Nov 9, 2018, 2:04 PM EST
This feature appears in the Notre Dame-Florida State Game Day Magazine.
A number of Notre Dame athletic teams are celebrating milestone anniversaries this year and the Monogram Club is catching up with Monogram winners from those sports to get their reflections from their time as a student-athlete and how that impacted their lives.
Mike McNeill (’88, hockey) was a three-time team MVP and two-time captain for the Notre Dame hockey team, which is celebrating 50 seasons as a varsity program. His 198 career points (83 goals, 115 assists) currently rank fifth in Notre Dame history. McNeill graduated in 1988 with a degree in finance and then played professionally for 12 years, including stints in the NHL with the Chicago Blackhawks and Quebec Nordiques. His father, Tim McNeill, was an assistant coach on Notre Dame’s first varsity team in 1968-69.
McNeill currently is the programming and instruction manager at Notre Dame’s Compton Family Ice Arena. Last spring, he was inducted into the Indiana State High School Hockey League Hall of Fame. McNeill received the honor for his many contributions to youth hockey in northern Indiana, including his work at Notre Dame.
What are your first memories of Notre Dame hockey?
“I was two-and-a-half years old when we moved here from Winona, Minnesota. Growing up, I was a rink rat. I was at the rink a lot and able to see the players. I was in awe of them because they were college hockey players. When the ice was available, I was able to get out there and take advantage of that ice time, which is what we always say is the best teacher around. Sometimes I’d be out there with my dad and a lot of times I’d just be on my own.”
How did being a Notre Dame student-athlete impact your life the most?
“I was thankful to be a student-athlete and receive an education. I’m also thankful that I’m able to still be around this University and contribute to the student-athletes who we get to work with on our Notre Dame team, people in the community and our visitors. They get to take advantage of not only this building (Compton Family Ice Arena), but our entire campus.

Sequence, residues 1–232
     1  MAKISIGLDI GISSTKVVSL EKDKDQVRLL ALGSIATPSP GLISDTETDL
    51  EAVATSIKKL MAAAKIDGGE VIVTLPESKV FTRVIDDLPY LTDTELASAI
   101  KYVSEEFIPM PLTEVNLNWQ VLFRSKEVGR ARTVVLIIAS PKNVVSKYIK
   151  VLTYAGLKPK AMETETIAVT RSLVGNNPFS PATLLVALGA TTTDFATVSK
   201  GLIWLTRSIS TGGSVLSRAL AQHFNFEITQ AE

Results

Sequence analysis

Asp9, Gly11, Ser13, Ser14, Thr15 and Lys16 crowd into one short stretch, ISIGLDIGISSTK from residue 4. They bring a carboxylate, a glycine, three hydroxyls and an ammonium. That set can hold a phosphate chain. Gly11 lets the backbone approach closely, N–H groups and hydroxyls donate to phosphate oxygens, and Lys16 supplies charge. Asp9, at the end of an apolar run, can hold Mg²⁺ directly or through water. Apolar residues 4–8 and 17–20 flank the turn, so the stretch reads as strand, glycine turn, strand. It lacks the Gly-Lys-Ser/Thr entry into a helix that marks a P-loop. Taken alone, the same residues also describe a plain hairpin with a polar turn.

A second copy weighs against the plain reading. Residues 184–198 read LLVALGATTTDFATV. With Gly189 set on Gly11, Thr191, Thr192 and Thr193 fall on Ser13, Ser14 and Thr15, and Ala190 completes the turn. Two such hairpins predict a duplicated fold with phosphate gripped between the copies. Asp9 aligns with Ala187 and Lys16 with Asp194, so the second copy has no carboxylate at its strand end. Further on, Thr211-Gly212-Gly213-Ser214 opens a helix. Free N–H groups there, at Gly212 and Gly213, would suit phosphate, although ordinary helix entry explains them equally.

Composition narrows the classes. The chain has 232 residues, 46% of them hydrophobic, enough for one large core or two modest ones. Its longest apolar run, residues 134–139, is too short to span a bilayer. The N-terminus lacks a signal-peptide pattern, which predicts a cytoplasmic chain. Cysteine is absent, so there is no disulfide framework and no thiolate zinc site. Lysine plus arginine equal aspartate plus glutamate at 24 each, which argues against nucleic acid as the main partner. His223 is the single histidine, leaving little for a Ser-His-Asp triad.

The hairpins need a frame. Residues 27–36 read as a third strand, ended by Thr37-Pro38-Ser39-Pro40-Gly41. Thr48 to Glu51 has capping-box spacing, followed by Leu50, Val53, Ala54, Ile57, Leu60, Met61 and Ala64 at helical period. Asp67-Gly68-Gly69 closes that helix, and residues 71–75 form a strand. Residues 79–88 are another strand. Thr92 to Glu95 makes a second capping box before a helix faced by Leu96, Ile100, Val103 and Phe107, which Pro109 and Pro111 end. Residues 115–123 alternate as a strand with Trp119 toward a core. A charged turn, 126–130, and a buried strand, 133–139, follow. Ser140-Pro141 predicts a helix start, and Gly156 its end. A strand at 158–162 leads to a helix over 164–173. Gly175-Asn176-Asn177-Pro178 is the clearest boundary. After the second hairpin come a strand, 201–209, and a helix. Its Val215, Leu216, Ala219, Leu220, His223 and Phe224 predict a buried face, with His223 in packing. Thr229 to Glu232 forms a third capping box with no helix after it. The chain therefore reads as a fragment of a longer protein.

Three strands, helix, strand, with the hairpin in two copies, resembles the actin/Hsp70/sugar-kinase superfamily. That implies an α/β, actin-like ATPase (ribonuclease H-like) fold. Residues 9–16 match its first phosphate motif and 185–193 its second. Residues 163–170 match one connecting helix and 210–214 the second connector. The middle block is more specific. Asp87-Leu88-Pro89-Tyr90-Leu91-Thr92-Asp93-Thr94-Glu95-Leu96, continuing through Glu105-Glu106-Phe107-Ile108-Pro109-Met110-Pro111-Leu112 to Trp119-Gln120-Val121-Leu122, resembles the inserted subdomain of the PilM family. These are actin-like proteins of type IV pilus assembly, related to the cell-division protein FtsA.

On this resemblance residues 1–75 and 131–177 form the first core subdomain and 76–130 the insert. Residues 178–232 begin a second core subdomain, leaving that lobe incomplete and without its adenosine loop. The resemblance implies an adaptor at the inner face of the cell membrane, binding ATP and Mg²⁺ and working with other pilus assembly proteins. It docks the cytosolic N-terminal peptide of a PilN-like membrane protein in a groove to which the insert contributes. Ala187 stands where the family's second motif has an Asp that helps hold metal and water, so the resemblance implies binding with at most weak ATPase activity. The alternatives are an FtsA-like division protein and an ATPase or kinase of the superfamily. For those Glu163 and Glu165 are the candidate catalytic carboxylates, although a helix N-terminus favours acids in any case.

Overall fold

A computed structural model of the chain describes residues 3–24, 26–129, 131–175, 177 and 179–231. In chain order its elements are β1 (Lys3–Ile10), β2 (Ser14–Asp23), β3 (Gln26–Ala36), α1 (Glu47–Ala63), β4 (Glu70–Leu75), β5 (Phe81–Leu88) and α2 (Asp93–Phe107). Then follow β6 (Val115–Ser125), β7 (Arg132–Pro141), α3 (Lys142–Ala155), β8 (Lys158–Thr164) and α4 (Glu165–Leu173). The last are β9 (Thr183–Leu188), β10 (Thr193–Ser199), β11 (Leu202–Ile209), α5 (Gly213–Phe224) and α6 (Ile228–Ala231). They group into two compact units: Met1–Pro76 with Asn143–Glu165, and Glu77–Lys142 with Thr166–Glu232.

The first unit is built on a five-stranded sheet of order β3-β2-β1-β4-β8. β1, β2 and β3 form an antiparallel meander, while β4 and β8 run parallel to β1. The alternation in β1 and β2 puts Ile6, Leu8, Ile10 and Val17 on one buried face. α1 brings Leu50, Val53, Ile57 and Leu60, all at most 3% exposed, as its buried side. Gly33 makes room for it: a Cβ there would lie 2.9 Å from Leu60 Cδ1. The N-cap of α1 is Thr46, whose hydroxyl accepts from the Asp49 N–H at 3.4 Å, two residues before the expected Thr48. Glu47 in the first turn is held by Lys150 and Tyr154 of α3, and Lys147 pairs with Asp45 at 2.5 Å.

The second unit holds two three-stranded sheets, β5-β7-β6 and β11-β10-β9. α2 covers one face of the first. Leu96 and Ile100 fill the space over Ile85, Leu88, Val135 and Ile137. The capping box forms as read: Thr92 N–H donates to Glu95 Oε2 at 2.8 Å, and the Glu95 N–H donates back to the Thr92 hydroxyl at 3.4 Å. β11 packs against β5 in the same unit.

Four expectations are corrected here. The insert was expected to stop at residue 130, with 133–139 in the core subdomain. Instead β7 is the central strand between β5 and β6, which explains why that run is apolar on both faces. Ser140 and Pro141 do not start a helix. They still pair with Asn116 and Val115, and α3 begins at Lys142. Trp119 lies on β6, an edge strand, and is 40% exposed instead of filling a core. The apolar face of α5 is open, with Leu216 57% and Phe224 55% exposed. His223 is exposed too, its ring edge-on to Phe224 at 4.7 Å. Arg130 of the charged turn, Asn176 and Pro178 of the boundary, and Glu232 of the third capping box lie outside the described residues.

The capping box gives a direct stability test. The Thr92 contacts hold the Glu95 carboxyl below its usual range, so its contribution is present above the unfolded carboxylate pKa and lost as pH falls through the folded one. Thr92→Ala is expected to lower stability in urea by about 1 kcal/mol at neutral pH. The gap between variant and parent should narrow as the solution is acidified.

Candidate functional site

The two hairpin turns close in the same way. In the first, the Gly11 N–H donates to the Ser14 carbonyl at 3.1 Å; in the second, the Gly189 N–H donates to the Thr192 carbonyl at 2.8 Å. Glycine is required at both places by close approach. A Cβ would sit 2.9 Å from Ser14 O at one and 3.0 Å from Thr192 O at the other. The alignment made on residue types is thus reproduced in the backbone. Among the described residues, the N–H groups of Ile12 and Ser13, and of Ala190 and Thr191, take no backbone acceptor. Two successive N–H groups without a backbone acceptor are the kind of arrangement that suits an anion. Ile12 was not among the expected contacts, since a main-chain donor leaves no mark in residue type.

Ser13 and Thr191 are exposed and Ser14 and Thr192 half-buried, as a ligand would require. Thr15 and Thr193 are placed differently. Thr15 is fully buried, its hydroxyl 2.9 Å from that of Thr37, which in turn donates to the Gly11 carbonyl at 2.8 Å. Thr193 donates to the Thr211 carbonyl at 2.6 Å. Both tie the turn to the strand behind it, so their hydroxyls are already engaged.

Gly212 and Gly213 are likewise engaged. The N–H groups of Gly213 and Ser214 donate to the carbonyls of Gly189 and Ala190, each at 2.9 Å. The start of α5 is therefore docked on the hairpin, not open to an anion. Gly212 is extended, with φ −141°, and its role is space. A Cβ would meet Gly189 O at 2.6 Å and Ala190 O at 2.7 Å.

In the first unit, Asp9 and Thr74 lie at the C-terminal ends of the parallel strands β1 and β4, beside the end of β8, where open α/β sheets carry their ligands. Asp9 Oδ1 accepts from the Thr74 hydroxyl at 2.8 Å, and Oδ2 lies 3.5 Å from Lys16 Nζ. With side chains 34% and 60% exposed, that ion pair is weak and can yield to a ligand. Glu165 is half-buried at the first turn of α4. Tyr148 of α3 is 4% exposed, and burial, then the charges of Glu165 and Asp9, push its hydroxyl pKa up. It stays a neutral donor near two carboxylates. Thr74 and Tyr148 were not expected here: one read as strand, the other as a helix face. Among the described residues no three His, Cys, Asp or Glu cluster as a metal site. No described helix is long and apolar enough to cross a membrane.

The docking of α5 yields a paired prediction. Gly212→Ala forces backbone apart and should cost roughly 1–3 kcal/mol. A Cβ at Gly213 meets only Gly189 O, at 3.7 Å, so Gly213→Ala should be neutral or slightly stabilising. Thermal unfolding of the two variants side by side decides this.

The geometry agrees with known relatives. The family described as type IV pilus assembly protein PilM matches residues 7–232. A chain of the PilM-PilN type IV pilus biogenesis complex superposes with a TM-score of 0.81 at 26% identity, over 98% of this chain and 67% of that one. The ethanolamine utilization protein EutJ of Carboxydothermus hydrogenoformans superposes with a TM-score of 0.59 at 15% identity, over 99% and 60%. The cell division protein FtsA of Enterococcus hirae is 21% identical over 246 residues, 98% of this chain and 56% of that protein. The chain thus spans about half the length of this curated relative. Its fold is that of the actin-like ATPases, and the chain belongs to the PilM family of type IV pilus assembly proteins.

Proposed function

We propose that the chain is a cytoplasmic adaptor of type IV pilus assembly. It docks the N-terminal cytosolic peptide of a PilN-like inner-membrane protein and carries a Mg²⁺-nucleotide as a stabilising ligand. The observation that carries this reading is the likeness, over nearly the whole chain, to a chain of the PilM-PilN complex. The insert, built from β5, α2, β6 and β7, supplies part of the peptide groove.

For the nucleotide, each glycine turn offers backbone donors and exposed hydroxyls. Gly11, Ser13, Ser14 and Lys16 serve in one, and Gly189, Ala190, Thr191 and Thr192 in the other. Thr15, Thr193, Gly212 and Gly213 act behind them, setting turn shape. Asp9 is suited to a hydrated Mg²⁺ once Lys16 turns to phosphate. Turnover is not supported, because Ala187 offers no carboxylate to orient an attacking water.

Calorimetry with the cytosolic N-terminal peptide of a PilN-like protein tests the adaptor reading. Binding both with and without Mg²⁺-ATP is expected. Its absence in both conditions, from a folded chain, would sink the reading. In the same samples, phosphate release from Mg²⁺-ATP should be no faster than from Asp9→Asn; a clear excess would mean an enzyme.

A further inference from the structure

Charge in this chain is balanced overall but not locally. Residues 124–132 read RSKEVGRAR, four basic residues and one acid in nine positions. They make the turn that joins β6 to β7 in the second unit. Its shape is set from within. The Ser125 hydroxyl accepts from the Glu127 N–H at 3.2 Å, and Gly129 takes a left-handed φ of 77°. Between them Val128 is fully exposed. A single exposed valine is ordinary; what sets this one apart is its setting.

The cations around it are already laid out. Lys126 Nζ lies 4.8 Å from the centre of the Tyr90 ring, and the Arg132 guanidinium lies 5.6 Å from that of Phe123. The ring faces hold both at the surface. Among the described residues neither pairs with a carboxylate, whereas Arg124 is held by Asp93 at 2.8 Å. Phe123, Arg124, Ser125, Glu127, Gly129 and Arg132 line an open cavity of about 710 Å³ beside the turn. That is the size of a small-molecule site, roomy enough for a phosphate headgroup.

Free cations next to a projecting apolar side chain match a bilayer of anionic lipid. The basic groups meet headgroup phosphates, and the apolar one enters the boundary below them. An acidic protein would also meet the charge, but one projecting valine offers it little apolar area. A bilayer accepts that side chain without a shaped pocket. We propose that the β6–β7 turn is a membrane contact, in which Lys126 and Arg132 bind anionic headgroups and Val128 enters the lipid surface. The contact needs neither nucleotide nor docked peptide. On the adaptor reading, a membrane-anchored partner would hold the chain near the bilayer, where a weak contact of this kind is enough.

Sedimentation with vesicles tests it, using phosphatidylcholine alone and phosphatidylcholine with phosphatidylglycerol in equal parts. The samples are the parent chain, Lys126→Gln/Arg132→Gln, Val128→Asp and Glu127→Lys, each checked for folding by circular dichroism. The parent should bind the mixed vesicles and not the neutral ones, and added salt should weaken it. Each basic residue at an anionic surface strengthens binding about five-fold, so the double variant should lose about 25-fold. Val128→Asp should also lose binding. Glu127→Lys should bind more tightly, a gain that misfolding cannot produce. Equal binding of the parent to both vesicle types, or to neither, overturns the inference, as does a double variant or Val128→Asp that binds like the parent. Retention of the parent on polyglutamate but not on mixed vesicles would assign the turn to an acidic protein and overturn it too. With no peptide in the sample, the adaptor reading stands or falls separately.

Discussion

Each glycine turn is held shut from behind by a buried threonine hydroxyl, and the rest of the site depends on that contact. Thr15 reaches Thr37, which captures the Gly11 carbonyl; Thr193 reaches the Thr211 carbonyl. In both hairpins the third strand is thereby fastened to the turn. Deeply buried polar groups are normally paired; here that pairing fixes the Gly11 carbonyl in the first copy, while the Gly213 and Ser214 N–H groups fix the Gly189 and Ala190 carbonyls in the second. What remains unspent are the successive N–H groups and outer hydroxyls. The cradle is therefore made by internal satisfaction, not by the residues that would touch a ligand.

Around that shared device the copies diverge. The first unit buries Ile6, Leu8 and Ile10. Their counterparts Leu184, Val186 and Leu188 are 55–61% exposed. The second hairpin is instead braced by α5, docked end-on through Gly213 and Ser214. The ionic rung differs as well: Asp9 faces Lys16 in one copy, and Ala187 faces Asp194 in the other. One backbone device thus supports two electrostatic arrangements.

“This facility can offer a lot to our community; not only to our local young hockey players, but to players across the country. It’s special to see people come here and be in awe and then be able to realize they get to play in this building.”
What are your favorite memories from your time at Notre Dame?
“It’s the friendships. I have a group of hockey buddies that I’m still in touch with and that’s pretty cool all these years later. Also, having the relationship with (former head coach) Lefty (Smith) and getting to know him. I knew him when he coached with my dad, but then getting to know him after that was special. That was a special relationship that I think about a lot. There are a lot of good memories. There’s also a lot of good people, which is even better.”
You’ve been around the Notre Dame hockey program for a long time. From the updated facilities, to the sustained success on the ice, how does it make you feel as an alum of the program?
“Coach (Jeff) Jackson does a great job of recognizing players of all eras. He makes everyone feel like they contributed in some way to where the program is at now. There was a big focus during last summer’s (50th season) reunion of trying to bring the group together. I have a ton of great memories from playing over there (in the Joyce Center) and I just bring those over here (to the Compton Family Ice Arena). Some people say, ‘Don’t you wish you were able to play here (at Compton)?’. Well, maybe, but we played over there and there were a lot of good times and cool things that happened over there. We still continue to see that the student-athletes are good, quality kids, who appreciate the amenities they have and the facility they have.”
What is the most satisfying part of working with youth hockey and growing the game?
“The position I’m in, I don’t really coach a specific team so I get to visit with everybody. There are so many lessons that in a calm, positive and confident way, our staff can promote to our young kids. We’re thankful that they’re coming here and we want them to come to us and ask questions. We want to help them and be their mentors. We want to show them what’s right and what’s wrong. We also want to show them that it’s important to be active. As they get older and become better players, we can look at what they’re eating and drinking and what they’re doing between games. It’s an opportunity to embrace the role because some people might be looking up to you, so take advantage of that and promote a positive message. Be part of their progression as they grow older.”